CA Law Affirms: There Is No Such Thing As A Child Prostitute
California continued its progress in recognizing children who have been sexually exploited as victims rather than criminals with its passage of Senate Bill 1322, affirming that there is no such thing as a child prostitute.
NCYL was involved in the development of the bill, which was signed into law in 2016 and went into effect in January 2017. The law precludes child victims of Commercial Sexual Exploitation (CSE) from being arrested and charged with prostitution and loitering with intent. Importantly, the passage of law signals the harmful and long-term effects criminalization can have, including further traumatization, disconnection from community and school, and vulnerability to violence.
The approach codified by SB 1322 is supported by recent federal and state laws aimed at recognizing children impacted by exploitation as victims.
Why is this important?
Until very recent changes in law, up to and including SB 1322, children who were being trafficked were very often arrested and faced criminal prosecution. SB 1322 amended the state Penal Code sections on prostitution to render them inapplicable to people younger than 18, meaning that law enforcement could no longer arrest youth on prostitution charges.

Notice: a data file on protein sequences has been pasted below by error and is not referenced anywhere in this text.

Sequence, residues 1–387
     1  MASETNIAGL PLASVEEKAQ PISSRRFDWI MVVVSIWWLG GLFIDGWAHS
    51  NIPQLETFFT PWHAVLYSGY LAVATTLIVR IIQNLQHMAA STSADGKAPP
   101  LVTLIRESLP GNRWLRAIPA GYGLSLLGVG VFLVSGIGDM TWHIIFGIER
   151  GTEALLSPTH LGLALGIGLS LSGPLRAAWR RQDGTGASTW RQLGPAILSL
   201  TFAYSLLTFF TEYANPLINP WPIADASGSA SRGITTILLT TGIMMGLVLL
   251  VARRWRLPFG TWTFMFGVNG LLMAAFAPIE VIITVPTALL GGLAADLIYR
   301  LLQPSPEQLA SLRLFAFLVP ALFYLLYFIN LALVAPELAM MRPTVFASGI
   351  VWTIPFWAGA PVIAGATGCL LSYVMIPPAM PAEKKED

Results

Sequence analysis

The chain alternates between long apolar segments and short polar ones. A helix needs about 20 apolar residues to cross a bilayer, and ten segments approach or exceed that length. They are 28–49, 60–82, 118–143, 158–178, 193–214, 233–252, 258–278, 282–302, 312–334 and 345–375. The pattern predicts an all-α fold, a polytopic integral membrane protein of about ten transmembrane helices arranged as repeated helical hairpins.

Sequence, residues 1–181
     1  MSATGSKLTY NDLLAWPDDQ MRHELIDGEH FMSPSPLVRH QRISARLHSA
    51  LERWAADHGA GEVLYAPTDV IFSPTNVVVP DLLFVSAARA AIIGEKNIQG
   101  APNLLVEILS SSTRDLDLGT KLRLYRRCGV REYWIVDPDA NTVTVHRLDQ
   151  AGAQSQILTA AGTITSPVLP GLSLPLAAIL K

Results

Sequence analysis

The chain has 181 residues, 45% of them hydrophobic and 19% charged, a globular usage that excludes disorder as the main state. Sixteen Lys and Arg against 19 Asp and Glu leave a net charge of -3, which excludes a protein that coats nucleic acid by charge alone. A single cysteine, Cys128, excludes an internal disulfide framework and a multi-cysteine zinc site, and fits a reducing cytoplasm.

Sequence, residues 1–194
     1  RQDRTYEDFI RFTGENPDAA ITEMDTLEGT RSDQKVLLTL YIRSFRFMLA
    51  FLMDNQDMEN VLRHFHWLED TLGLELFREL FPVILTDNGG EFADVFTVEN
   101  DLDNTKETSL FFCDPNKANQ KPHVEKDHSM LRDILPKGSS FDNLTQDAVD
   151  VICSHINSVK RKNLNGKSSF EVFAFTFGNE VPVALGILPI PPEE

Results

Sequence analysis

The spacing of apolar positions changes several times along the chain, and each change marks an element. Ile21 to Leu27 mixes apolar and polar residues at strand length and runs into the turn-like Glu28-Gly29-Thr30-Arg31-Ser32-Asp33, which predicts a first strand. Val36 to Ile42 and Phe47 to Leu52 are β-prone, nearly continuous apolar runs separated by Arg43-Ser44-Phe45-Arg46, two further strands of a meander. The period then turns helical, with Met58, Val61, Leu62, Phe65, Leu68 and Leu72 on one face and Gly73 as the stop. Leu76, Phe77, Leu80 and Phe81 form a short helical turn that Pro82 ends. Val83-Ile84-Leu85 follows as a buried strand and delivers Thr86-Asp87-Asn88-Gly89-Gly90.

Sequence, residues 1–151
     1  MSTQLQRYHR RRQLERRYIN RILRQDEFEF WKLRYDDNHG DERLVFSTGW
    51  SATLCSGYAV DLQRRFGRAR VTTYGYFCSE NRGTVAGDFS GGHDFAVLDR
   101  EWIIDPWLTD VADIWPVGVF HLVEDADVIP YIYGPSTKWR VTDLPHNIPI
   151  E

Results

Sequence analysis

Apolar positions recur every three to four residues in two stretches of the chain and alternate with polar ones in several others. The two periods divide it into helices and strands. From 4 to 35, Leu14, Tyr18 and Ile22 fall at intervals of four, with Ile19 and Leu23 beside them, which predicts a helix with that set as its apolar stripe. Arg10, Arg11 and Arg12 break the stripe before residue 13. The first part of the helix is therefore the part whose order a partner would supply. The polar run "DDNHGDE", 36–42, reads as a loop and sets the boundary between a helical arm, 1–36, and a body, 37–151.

Instead of sending these young people to the juvenile justice system, youth are now connected to services and supports through the protocols established the CSEC Program, , which was created through SB 855, another NCYL-supported bill passed in 2014 [this text can link to the previous S&I story on SB 855].
The success of SB 1322 formalized a statewide commitment to recognizing young victims of CSE as the victims, rather than as criminals.
The National Center for Youth Law is proud to have led a coalition in supporting and helping to pass SB 1322.